Applying the Principles of Non-Profit/For-Profit Partnerships to Degree Programs

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In a previous post, we suggested three principles that universities should consider before they partnered with an external for-profit company.

The principles we suggested are:

  1. When the function is tangential to the core mission.
  2. When the necessary expertise is too specialized to create in-house.
  3. When it is impossible to go up an institutional learning curve alone

While there are always exceptions to any rule, we think these principles may be useful as colleges and universities determine about entering into non-profit/for-profit partnerships.

Despite this, we know one of the primary drivers for these partnerships, particularly when it comes to developing online programs, is profit.

We think this is a mistake.

Revenue is an enabler of institutional goals and a necessary consideration, but key decisions about core capacities should not be driven primarily by considerations of money.

The pursuit of short-term profits can, in fact, obscure the need for long-term investments that are necessary for institutional resilience and mission-related impact.

The focus on the long-term mission instead of short-term revenues is especially important when partnership decisions involve the development and running of degree programs.

As colleges and universities look towards our post-pandemic future, one reality that has become absolutely clear over the past eighteen months is the necessity to build institutional capacity in digitally mediated teaching and learning.

Expertise in educational delivery beyond traditional face-to-face and residential modalities is now a university necessity.

Future pandemics (or new variants of COVID-19) may again force schools to rapidly move to virtual learning. Extreme weather events caused by global climate change may disrupt residential campus operations.  Colleges and universities need to be able to keep teaching and learning in instances when professors and students cannot, or should not, gather together on campus.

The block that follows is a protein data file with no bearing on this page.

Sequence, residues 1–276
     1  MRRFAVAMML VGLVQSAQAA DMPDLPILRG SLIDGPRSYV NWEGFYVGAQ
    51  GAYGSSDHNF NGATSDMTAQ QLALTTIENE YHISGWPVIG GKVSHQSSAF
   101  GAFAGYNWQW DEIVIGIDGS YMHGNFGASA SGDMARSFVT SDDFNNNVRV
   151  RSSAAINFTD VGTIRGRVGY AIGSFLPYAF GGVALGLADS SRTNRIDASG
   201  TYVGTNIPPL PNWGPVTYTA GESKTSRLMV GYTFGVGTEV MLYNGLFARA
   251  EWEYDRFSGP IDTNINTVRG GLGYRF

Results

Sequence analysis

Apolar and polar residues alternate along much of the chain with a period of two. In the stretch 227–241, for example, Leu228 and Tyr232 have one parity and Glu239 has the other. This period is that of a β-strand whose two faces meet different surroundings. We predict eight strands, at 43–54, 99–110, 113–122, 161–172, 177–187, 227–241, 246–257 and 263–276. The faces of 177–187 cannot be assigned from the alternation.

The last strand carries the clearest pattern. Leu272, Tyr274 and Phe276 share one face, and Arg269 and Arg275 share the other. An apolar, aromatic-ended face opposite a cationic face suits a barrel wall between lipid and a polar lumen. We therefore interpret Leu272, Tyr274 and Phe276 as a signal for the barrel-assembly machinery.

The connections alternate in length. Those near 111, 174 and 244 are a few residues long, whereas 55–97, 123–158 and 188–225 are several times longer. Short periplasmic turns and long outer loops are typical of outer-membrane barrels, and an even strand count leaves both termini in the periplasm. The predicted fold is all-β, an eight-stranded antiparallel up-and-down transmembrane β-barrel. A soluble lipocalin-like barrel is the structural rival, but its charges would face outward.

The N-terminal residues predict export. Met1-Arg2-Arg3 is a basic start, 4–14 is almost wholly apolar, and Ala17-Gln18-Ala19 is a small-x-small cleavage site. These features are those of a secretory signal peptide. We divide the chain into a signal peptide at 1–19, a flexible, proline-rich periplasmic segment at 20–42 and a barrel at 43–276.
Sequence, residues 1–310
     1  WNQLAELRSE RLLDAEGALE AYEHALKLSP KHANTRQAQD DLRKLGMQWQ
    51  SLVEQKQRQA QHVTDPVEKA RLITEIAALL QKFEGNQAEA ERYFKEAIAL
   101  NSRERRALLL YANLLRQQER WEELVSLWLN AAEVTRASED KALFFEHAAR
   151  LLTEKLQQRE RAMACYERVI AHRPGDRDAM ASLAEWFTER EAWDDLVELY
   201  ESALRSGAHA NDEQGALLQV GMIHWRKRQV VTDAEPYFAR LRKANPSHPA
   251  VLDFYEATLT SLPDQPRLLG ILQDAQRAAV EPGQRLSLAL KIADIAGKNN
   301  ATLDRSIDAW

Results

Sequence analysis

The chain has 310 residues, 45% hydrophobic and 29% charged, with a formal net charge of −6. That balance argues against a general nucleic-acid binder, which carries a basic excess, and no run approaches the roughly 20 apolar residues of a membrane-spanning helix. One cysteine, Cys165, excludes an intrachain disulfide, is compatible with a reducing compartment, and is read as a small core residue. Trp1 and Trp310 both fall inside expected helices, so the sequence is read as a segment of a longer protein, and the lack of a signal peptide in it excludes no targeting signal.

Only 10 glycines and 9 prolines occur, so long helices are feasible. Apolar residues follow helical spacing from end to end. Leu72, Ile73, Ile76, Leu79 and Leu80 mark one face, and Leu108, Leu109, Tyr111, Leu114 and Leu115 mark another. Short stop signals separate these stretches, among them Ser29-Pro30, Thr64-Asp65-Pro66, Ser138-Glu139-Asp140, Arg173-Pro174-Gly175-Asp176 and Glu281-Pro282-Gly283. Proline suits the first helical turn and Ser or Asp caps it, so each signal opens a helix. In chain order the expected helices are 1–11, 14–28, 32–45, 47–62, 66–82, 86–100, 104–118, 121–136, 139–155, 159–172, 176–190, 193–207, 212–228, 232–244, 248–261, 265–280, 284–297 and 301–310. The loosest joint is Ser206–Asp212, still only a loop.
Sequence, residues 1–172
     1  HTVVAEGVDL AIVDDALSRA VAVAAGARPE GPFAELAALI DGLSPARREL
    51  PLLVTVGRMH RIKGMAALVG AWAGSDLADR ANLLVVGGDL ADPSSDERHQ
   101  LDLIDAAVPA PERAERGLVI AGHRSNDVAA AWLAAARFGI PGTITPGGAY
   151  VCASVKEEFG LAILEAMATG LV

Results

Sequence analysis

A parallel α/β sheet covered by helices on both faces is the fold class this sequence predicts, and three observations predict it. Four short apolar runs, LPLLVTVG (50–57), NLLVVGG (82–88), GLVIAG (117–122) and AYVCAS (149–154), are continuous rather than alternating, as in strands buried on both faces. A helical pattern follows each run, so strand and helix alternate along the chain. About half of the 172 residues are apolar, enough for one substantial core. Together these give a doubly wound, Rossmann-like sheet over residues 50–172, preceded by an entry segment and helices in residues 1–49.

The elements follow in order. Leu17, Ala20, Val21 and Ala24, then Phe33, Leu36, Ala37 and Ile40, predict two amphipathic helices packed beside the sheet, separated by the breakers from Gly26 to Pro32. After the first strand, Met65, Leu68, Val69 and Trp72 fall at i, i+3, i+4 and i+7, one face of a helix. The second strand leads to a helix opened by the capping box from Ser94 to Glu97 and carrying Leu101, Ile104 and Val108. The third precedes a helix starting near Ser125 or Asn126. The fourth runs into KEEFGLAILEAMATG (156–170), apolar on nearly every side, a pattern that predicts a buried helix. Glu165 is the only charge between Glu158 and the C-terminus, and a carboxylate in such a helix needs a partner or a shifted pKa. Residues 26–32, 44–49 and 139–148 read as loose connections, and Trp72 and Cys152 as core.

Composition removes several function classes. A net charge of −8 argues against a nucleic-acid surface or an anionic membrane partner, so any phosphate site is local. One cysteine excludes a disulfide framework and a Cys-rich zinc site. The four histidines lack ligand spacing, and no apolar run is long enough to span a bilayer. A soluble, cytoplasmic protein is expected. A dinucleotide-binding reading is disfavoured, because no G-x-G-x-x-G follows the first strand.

Even conceptualizing higher education as either residential or remote advances a false dichotomy, one no longer appropriate to how we learn, teach, and work. No college course going forward will be totally residential. All courses will incorporate some digital components and virtual interactions, even those courses scheduled to be taught in physical classrooms.

An institutional strategy that is not built around building a core capacity for digital learning will be inherently shortsighted and ultimately self-defeating.

University partnerships with for-profit companies that cannibalize internal investments in digital learning capacity will carry the unintended consequence of destabilizing long-term institutional agility and resiliency.

None of this is to say that colleges and universities should never work with for-profit companies. There are always exceptions.

We simply think it’s important to make these decisions in the context of shoring up the core capacities of the institution.